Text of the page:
Well, as often is the case, you either have a family member, yourself, or something in medicine that that causes you to be hyperfocused on one thing. When I was doing residency, had one child under two years-old, working 80 to 100 hours a week, and was pregnant with another child, I was exhausted! But, that made sense to me – I was doing a lot. Then, after the pregnancy, and after my kids started to sleep through the night, and after my residency ended – I was still exhausted. And I made lots of excuses, “Of course I’m tired, I have toddlers!” or “Of course I’m tired, I work full time!” But, as I talked to other women, I realized that they weren’t as tired as I was.

I also felt like I had less patience than I used to – the shirt on the floor made me unreasonably irritated. I took a hormone test and, sure enough, progesterone was almost undetectable – and that’s the “peaceful hormone”. So, I saw that and was in a hurry and just replaced it with bioidentical progesterone – but I didn’t feel any better. Also, while I was the same weight that i had been pre-pregnancy, I wasn’t as toned as I used to be and my clothes fit differently. So, I decided to just check all of my hormones and my free testosterone was undetectable.

I didn’t want to take testosterone because, like a lot of women, I didn’t understand how it worked. I started looking into all the research and there was a lot of research about specific supplements, nutrition, and things that I could do in my life to boost my own body’s production of testosterone. So, I gave that stuff a try and within three to six months my blood tests showed that my testosterone levels were actually at a robust level and I felt my energy come back. That was the first and the biggest thing I felt like I had regained. Then, I started recognizing that there was some muscle there. Even though people associate libido with testosterone, energy is the biggest thing that women experience when they get their testosterone back. Libido is actually lower on the scale that really thinks testosterone is all about libido. It’s much more important for me. Testosterone for women is about energy, but frankly, who wants to have sex when you’re tired.

What kind of supplements were you taking to help increase your testosterone levels?

The exact protocol is in my book but it’s actually quite a complicated combination of things and that’s why I created a supplement packet with everything that you need called Testosterone Boost – but, again, everything’s listed in my book if you want to go farm it out on your own. But it contains B vitamins, vitamin D, omega-3 fatty acid, tribulus, chasteberry, maca, and ashwagandha. All of these things were working together. I used to dance professionally in a ballet company before I went to medical school and, despite going to school, I still had this little philosophy in my head that I shouldn’t eat a lot of fat. Well, you cannot produce testosterone without good fat in your diet. So that was a big change that I had to make in my nutrition – I started to eat things like avocado.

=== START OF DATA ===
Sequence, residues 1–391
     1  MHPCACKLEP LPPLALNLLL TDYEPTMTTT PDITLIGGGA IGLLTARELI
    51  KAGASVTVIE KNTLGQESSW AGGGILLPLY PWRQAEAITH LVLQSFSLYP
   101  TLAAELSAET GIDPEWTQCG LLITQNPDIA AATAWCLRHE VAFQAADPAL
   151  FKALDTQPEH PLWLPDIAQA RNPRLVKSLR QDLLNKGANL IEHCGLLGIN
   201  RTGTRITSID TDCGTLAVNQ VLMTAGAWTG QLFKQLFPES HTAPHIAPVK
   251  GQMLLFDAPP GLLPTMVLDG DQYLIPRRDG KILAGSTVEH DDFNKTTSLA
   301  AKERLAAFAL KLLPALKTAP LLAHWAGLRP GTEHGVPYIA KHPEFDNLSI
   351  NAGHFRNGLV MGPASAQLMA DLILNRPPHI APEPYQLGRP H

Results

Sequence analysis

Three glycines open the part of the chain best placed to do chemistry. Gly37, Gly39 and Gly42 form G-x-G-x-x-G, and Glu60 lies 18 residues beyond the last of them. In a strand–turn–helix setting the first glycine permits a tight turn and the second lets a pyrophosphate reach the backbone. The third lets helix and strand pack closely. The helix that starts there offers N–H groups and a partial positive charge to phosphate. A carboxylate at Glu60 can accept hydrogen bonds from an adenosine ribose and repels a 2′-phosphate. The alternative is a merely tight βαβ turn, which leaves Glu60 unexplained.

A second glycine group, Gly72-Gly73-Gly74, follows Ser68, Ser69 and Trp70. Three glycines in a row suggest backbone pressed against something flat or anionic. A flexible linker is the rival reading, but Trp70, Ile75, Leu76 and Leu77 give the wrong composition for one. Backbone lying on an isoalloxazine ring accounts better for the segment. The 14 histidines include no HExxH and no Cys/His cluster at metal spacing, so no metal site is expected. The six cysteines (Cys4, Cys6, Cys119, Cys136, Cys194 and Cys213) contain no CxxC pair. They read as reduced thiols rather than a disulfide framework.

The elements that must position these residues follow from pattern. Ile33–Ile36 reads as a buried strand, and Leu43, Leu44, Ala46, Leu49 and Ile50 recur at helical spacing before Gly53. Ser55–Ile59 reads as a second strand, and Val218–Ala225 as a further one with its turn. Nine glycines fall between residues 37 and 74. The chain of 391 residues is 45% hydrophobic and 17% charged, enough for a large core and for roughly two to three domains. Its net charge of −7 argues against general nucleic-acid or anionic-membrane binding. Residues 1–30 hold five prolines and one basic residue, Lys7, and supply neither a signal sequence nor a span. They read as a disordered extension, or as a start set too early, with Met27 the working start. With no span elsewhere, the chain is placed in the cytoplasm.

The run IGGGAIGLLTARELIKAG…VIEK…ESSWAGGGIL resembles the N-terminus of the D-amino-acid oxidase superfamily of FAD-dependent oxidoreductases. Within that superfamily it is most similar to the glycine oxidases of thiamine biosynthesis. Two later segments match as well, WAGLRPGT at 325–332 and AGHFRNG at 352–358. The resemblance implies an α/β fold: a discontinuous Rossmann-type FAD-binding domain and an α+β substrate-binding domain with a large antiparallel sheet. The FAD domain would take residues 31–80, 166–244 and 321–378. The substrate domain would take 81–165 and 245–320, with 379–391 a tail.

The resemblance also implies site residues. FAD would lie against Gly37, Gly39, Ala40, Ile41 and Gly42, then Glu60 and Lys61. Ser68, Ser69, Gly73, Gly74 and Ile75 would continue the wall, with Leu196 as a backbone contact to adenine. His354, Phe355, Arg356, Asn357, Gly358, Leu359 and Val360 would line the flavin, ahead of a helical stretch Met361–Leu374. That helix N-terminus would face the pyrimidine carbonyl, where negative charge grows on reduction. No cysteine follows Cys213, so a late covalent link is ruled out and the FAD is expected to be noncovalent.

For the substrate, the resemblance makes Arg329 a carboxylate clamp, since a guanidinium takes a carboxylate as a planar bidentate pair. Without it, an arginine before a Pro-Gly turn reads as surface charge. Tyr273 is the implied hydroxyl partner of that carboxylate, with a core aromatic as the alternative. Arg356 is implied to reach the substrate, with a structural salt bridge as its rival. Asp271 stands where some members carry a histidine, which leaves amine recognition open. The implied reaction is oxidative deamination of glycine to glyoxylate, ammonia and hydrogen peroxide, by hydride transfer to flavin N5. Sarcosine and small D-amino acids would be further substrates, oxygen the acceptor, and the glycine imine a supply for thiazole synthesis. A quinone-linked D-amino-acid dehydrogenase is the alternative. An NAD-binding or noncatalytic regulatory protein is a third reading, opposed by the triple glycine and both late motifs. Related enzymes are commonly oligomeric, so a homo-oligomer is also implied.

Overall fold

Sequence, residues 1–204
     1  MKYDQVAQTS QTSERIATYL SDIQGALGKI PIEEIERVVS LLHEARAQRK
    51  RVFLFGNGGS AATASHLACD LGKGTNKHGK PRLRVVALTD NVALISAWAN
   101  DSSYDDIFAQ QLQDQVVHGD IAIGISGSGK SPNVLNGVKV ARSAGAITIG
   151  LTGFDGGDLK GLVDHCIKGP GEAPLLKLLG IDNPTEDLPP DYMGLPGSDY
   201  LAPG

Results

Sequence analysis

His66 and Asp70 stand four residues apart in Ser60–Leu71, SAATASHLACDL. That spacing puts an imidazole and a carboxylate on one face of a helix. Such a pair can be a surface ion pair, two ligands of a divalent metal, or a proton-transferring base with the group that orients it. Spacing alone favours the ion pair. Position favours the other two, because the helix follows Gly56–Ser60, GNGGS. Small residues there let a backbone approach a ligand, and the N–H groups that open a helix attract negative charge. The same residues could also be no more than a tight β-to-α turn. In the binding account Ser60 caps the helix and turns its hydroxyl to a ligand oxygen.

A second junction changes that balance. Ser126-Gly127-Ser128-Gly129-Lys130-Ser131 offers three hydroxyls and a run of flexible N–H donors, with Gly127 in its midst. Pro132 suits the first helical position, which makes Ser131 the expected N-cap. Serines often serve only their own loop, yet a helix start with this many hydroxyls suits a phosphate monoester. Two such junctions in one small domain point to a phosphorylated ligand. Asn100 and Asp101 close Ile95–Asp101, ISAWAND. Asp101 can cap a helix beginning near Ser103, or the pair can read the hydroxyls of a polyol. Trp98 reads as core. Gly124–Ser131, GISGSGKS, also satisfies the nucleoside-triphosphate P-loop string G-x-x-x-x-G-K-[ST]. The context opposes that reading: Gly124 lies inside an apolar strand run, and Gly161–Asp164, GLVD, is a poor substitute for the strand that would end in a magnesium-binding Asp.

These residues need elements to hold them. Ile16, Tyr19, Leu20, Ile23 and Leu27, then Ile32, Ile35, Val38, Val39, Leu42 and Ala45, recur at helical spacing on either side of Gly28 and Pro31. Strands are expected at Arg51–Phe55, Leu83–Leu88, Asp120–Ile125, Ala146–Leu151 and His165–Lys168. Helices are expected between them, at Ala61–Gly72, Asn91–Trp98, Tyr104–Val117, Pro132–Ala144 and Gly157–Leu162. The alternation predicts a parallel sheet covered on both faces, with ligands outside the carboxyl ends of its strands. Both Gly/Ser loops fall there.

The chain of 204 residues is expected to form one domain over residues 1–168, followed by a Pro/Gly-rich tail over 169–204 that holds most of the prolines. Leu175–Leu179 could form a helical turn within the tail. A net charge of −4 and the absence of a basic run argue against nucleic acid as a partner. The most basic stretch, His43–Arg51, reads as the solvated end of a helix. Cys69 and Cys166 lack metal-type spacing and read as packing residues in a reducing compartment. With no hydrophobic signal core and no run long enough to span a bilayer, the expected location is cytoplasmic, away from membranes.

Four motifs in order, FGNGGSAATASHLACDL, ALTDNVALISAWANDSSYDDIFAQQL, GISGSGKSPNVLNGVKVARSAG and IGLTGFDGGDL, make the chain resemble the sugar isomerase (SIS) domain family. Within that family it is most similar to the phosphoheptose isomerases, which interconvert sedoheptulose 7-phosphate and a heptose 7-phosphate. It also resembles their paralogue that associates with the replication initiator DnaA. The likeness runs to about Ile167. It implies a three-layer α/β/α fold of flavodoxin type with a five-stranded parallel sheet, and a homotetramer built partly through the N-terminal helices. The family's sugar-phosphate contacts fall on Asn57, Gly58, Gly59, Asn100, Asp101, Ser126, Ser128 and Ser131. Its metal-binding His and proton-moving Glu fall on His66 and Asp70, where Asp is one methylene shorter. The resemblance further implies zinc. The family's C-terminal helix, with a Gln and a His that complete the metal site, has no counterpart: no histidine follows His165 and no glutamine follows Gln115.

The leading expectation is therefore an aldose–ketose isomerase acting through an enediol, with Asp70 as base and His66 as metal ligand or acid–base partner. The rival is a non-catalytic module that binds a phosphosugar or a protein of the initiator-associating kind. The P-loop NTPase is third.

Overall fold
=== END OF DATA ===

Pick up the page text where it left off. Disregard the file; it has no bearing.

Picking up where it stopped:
When I’m traveling, and I don’t know when my next meal will be, a lot of times I just have an avocado that I have with me. I slice it open and I have these seed crackers that I carry with me and it just keeps me satisfied. With carbs, you can eat some and then 30 minutes later you’re craving some more. That good fat makes me feel like I don’t have to overeat.

Switching gears a little bit… I want to topic about my favorite topic: exercise. What are you recommending for people who are looking to boost their testosterone levels?

Previously, people thought that in order to boost your testosterone you needed to exercise to the point of basically wanting to throw up – just really intense, hard exercise. And so a lot of women said, “That’s not for me.” But, the research shows that even going for a walk can increase testosterone – especially in the brain. How cool is it that your focus and your mood improves because of testosterone increasing in your brain?

Also, it seems that focusing on larger muscle groups can go a long way in increasing testosterone. Doing some simple squats to help build up your legs can go a long way. Also, people think that tai chi and qigong, if done properly, can lower your body weight and then help boost those hormones.

Let’s say that you’ve tried all of the approaches we’ve talked about and you’re still not feeling quite right. When is it appropriate for a person to consider supplementing in less natural ways like supplements?

I think there’s two situations when it’s appropriate.

The first situation is when you’ve tried the natural approach and your adrenals are just too pooped to produce. So, the only safe way is topical testosterone – never take it orally. The dose for women can range anywhere from 0.5 milligrams to, maybe, three milligrams.

The second situation is if you have a condition where we’re using testosterone as a prescription medication instead of something more scary. For example, I have women who have osteoporosis and testosterone is fantastic for building bone. So, let’s use a little bit of topical testosterone instead of Fosamax to help build bone. Depression is another situation where testosterone could be useful. It was used many years ago to treat depression and was quite successful.

It you’re deficient, it’s highly unlikely that you’re going to convince your body to produce too much testosterone just by taking some vitamins. But, side effects of testosterone include a lowered voice and acne. Very few people will get angry, but that can happen. When you stop, it goes away. So, start low and go slow – that’s always my philosophies in adding prescriptions.

Where can people learn more about you?

People can visit www.drtami.com. There’s a lot of great stuff there.